Law enforcement officials are warning of a phone scam that involves a request to pay up on a jury warrant or go to jail. The scam works like this actual case:
The victim receives a call from someone posing as a sheriff’s deputy—possibly even using a real deputy’s name. The victim is told there’s a warrant for his arrest because he failed to show for jury duty. To avoid arrest, he must pay up—in this case, $4,000.
“As instructed, the victim went to a local drug store and purchased eight $500 prepaid Money Pak Green Dot cards and called the scammer at the phone number provided,” the Yavapai County Sheriff’s Office explained in a statement yesterday. “The victim shared all of the card numbers over the phone with the ‘deputy.'”
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The Maricopa County Sheriff’s Office warned of the same scam last month.
While detectives are trying to track the prepaid debit cards back to the suspect, “YCSO and other local police agencies continue to receive calls about the scam,” the agency said.
A similar scam comes from criminals claiming to be federal marshals. “United States Marshals protect the federal courts, track down dangerous fugitives, and transport thousands of prisoners. They don’t make calls and threaten to arrest people or fine them for missing jury duty,” says the Federal Trade Commission, which tracks and debunks scams.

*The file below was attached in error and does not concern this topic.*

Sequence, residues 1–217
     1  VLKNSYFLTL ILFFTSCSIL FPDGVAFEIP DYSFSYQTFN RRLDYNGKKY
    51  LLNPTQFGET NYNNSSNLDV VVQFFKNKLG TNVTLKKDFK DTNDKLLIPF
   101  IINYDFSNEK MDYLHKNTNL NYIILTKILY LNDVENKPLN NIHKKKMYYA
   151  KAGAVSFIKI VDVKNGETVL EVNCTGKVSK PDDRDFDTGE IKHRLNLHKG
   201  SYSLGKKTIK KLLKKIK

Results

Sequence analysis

“Remember, law enforcement agencies and court officials will never call to solicit payment on a warrant in this manner,” YCSO said in the statement.
The same goes the IRS or anyone else asking you to fork over personal information or money. Here’s some simple advice from FTC spokesperson Lois Greisman.
“Did someone say you can only pay by wiring money, putting money on a gift card, or loading money on a cash reload card? If they did, then yes: that is a scam,” Greisman says. “Whether someone tells you to pay to claim a prize, help someone out of trouble, or deal with tax issues from the (so-called) IRS: nobody legitimate is ever going to say you have to pay by wiring them money, getting iTunes cards, or putting money on a MoneyPak, Vanilla Reload, or Reloadit card.”
Scams like this are no longer limited to just phone calls. They’re texted, too.
The Arizona Department of Revenue and recommends “extreme caution anytime a person receives a strange offer or message,” including if they are texted, a scam known as ‘smishing,’ in which “a criminal uses a text message that directs a victim to a website or to call a phone number, where the person will be convinced to provide confidential information. If someone receives a strange text from an unknown person, they should avoid clicking on the link. Even if the text appears legitimate, it should be verified.”
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